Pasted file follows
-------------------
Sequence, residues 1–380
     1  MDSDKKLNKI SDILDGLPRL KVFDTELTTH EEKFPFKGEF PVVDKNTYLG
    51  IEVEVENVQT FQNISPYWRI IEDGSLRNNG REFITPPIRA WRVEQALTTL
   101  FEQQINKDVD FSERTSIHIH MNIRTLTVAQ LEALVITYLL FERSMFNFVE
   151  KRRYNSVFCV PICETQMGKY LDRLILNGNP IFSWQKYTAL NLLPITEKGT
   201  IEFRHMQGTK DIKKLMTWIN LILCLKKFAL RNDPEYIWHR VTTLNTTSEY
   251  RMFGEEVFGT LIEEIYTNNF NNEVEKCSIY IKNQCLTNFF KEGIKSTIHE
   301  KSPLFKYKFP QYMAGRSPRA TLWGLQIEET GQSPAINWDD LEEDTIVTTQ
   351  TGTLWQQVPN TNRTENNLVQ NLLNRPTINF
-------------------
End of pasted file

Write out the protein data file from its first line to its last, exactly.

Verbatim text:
Sequence, residues 1–380
     1  MDSDKKLNKI SDILDGLPRL KVFDTELTTH EEKFPFKGEF PVVDKNTYLG
    51  IEVEVENVQT FQNISPYWRI IEDGSLRNNG REFITPPIRA WRVEQALTTL
   101  FEQQINKDVD FSERTSIHIH MNIRTLTVAQ LEALVITYLL FERSMFNFVE
   151  KRRYNSVFCV PICETQMGKY LDRLILNGNP IFSWQKYTAL NLLPITEKGT
   201  IEFRHMQGTK DIKKLMTWIN LILCLKKFAL RNDPEYIWHR VTTLNTTSEY
   251  RMFGEEVFGT LIEEIYTNNF NNEVEKCSIY IKNQCLTNFF KEGIKSTIHE
   301  KSPLFKYKFP QYMAGRSPRA TLWGLQIEET GQSPAINWDD LEEDTIVTTQ
   351  TGTLWQQVPN TNRTENNLVQ NLLNRPTINF